At the end of the day, I am bootstrapped because I believe in my work and vision. I know that female-founded businesses are the hot ticket item and yet are rarely invested in, so I have kept my costs low and prices competitive to ensure that the team and I can keep surviving and thriving.


During challenging times, what motivates you to keep going?

Jessica Barker: When I hear from someone that I’ve made a difference to them in one way or another, it really helps me stay motivated and reminds me of why I do what I do. It could be someone starting out in their cyber security career who found my book Confident Cyber Security helpful or a cyber security leader who I’ve supported with my business, but just hearing from that one person can be all the motivation I need on a tough day.

Simon Hayward: Being responsible for other people’s mortgages, fear of failure, determination to succeed and achieve meaningful goals.

Kate Nash: I believe in the power we all have to make a positive difference in the world. So, the thing that keeps me going is the fact you may hit a thousand ’nos’ but the next ‘yes’ is always round the corner - and the power of yes can inspire a million changes.

I work with an imaginative team who also believe these things - and our community of 4,000 ERG leaders also lean into this principle. Our definition of confidence is a strong expectation of a positive outcome - we are on a mission to cascade that definition to the 1 million employees that make up the PurpleSpace community - that's what motivates us.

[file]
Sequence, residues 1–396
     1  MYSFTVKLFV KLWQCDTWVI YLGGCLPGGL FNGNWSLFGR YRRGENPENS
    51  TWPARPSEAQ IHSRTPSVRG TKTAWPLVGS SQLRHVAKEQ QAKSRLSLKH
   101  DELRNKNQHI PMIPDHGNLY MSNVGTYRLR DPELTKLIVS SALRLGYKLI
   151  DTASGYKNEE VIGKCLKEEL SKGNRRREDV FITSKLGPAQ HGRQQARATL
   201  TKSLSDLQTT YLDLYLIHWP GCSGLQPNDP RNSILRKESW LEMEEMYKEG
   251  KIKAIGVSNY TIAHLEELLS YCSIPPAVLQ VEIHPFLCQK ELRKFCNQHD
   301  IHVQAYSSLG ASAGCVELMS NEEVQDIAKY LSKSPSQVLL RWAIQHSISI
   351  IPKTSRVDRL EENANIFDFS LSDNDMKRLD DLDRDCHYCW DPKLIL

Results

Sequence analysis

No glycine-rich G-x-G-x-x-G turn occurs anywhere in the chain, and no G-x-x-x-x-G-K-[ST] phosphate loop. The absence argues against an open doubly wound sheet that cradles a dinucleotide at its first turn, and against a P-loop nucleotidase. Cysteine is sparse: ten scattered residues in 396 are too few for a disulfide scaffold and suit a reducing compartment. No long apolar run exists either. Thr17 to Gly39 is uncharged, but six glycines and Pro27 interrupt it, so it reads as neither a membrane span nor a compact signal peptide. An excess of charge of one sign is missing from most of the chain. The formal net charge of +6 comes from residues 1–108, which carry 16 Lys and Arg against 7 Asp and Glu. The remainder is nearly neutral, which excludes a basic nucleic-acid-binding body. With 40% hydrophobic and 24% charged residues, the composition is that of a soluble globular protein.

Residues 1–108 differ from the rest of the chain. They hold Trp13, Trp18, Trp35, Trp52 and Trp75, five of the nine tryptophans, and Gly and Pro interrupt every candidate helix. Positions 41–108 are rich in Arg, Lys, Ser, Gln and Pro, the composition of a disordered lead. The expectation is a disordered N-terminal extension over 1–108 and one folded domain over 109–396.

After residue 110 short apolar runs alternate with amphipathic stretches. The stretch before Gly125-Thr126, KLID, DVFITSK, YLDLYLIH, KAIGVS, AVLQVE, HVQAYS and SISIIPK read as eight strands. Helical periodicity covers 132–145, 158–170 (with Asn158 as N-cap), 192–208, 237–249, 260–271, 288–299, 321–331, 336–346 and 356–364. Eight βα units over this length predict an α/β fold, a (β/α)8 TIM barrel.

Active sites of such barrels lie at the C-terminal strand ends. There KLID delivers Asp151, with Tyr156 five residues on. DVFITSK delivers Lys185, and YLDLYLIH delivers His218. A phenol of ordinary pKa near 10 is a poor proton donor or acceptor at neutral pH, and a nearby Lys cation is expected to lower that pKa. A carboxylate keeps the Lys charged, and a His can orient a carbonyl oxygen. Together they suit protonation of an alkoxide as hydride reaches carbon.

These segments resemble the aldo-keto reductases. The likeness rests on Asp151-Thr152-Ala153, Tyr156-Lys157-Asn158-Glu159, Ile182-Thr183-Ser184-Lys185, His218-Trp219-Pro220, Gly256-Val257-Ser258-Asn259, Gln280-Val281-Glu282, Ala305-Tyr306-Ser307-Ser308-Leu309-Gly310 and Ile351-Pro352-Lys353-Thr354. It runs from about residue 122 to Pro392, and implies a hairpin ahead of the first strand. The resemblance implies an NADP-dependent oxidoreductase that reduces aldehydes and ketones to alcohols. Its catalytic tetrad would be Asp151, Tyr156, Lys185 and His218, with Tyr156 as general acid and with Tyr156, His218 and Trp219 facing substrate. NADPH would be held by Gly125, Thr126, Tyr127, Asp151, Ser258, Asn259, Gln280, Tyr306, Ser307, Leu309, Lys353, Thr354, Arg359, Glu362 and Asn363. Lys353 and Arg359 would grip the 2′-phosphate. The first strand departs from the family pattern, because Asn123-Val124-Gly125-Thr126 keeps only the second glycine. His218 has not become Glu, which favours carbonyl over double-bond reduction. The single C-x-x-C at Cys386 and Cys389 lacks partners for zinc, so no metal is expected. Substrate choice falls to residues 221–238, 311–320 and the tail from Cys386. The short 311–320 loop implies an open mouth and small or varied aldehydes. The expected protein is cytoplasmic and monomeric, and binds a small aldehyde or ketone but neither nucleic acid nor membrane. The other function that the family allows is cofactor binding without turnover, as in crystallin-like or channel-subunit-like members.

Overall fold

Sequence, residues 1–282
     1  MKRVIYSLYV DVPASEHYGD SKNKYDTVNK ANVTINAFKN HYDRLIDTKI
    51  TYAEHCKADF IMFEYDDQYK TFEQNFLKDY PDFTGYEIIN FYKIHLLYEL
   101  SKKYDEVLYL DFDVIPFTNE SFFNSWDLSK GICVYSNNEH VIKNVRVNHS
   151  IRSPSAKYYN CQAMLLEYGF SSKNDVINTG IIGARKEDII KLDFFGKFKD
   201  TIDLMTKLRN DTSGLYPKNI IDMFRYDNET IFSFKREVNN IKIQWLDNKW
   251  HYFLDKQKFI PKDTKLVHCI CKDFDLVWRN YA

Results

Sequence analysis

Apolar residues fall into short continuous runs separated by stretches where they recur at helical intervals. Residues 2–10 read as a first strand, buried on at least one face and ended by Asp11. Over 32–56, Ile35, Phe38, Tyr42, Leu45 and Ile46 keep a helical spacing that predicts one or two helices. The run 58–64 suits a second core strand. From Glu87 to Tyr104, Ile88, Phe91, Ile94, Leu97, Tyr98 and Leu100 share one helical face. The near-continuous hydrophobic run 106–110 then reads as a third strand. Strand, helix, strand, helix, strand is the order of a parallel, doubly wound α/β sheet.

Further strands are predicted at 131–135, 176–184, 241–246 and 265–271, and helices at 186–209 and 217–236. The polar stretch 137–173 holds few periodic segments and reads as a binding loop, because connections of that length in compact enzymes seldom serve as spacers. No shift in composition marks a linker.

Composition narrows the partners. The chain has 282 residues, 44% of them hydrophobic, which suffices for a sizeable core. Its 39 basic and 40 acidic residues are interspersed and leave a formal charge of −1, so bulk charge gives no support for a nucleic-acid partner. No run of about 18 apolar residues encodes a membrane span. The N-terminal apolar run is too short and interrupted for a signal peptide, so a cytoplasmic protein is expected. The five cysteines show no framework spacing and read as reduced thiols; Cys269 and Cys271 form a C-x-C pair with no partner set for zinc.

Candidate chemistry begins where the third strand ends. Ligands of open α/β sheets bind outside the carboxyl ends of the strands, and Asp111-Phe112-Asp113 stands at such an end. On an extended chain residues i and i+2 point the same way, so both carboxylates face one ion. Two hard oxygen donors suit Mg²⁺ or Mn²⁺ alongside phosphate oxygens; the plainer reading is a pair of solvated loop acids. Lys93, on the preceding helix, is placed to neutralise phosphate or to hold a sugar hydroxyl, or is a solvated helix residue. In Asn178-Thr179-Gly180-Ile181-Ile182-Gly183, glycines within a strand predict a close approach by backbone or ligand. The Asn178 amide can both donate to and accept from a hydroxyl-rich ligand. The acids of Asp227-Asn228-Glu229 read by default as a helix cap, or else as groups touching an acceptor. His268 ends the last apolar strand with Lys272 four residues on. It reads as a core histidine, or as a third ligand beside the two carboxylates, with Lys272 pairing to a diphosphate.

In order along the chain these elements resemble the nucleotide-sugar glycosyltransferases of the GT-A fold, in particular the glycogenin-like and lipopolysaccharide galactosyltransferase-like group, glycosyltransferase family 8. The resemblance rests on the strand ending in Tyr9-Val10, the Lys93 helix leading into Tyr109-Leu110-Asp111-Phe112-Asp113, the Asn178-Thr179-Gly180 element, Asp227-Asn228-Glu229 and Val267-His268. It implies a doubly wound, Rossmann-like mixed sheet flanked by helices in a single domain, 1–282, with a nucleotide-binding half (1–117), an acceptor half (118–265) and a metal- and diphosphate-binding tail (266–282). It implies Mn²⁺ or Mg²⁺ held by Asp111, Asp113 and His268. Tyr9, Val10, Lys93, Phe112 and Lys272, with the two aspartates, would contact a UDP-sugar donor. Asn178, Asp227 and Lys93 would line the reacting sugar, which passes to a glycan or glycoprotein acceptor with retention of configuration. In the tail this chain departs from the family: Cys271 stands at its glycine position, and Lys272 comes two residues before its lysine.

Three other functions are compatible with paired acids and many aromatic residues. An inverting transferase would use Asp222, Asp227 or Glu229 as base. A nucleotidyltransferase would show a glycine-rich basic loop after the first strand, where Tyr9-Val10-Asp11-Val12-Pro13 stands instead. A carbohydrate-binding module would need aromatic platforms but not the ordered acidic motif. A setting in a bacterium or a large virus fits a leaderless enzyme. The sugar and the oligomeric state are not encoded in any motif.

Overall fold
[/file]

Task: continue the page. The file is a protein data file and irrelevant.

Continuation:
Katy Murray: I believe that the arc of history is bending towards justice... but we have to keep bending it! We each have a role to play and I’m passionate about showing up for justice, inclusion and equity in our workplaces and wider society, resourcing leaders to love, lead and live well.

I carry significant privilege as a white, able-bodied, neuro-typical, straight, woman and if I’m not part of subverting, disrupting and co-creating new ways then I’m perpetuating the old systems of oppression. I’m here for sisterhood, solidarity, collective healing and treading lightly on the earth, and all of that gets me up in the morning. That, and my kids who're usually looking for school uniforms, homework or breakfast.

Carl Reader: Very simply, reminding myself of my bigger vision and my ‘why’.